In the past, a medieval castle stood at the confluence of the River Siete Arroyos and the former riverbed of the River Guadalquivir (known as Cañada de la Molineta). All that remains today are two walls, one with a horseshoe arch.
The square Castle was known as “Cuatro Torres” for the four towers that it had in the corners. Today, there is only one curtain wall and an arch where an entrance or portico once existed. The main tower was demolished in 1952-54, as were several rooms and quarters in what can only be described as an appalling attack on a heritage asset.
In times of King Ferdinand I of Castile and Leon, in 1063, the remains of the Archbishop San Isidoro were brought here from Leon, later to be transferred to Seville where they are now revered.
There is evidence that the Catholic Monarchs spent a few days in this Castle in after they had reconquered Granada in 1492. They presided over a hearing that took place on 9 January 1498, ruling in favour of a local resident who was sued by the Town Council who sought to deprive him of benefits and exemptions. The ruling stated, “You need not watch over the Castle of Villaverde, nor provide clothes or firewood for the castle”, which effectively meant that he had been appointed the town’s mayor and did not have to keep his weapons in the Castle as the laws of the time required.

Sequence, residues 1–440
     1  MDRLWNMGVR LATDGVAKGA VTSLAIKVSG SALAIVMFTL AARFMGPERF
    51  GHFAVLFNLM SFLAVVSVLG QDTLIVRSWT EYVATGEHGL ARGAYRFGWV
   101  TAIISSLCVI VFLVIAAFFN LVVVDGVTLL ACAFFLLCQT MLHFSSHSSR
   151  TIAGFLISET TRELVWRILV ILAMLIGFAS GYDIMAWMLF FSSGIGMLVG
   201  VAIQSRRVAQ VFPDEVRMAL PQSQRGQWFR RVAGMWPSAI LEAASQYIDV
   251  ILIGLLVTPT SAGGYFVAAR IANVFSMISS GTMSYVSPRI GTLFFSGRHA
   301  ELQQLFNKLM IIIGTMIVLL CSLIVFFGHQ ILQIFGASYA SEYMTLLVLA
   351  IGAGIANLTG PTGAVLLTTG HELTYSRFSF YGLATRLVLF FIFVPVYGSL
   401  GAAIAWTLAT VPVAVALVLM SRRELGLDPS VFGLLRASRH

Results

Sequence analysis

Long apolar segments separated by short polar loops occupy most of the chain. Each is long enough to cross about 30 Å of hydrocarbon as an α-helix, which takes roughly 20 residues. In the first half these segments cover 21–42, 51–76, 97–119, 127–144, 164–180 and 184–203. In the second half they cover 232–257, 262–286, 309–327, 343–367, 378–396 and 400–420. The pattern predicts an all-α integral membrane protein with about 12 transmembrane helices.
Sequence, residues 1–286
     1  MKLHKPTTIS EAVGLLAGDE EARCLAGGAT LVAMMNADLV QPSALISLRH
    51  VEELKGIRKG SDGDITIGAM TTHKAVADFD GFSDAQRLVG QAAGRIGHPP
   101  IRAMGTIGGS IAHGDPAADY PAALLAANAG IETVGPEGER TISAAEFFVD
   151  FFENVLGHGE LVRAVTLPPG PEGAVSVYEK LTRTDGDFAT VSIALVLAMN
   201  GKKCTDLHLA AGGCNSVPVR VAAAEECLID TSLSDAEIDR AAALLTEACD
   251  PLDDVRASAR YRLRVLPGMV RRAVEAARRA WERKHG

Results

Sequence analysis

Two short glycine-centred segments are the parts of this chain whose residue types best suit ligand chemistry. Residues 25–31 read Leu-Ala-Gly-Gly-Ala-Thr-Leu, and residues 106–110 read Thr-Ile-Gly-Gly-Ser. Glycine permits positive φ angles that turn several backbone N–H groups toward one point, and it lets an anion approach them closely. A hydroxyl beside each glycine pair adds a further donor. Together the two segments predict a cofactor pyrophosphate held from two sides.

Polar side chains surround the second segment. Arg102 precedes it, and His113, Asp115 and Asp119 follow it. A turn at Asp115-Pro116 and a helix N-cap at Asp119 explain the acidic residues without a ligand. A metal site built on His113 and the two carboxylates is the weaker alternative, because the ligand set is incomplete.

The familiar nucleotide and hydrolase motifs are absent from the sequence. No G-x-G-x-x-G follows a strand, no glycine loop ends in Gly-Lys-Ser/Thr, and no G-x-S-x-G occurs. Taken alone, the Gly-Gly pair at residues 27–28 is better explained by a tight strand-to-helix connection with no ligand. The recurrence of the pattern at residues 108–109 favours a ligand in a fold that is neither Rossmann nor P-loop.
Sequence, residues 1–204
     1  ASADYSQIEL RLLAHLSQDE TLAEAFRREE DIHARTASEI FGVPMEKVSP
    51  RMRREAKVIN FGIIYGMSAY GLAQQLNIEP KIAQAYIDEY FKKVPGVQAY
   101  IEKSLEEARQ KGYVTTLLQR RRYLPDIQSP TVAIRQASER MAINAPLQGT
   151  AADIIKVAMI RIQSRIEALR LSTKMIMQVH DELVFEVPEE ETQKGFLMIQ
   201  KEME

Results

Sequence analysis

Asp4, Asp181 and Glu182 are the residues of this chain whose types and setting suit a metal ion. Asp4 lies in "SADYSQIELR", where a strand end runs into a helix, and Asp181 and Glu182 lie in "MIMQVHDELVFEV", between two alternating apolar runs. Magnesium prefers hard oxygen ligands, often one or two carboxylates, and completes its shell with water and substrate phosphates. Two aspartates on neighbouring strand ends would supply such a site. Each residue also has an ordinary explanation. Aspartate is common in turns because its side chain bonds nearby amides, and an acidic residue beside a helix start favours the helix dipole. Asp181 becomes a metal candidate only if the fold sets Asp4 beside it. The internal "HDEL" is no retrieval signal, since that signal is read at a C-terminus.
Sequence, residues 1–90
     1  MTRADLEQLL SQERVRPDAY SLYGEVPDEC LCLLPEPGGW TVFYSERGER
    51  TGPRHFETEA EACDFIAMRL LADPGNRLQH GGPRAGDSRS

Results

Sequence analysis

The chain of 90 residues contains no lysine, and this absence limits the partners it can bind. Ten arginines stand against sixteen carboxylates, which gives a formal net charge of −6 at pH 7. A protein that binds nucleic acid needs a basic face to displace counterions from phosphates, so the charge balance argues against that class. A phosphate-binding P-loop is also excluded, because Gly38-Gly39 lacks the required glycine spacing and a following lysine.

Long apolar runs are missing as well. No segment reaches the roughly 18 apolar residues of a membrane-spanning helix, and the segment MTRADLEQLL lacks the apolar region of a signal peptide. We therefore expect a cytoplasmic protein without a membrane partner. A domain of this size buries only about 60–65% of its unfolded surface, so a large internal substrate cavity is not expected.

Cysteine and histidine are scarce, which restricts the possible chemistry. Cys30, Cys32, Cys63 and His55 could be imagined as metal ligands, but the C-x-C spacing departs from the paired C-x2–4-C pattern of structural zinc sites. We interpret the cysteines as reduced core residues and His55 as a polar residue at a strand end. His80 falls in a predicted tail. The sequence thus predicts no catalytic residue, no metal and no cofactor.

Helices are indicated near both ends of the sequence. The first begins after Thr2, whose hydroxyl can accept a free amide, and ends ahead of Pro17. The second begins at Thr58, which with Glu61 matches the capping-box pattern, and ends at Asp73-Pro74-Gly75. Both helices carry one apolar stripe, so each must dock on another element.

Furthermore, tradition holds that King Felipe el Hermoso and Queen Juana la Loca also visited the Castle on one of their trips to Seville.
This fortified castle was renovated and used by the Arabs to defend the town against the Castilians.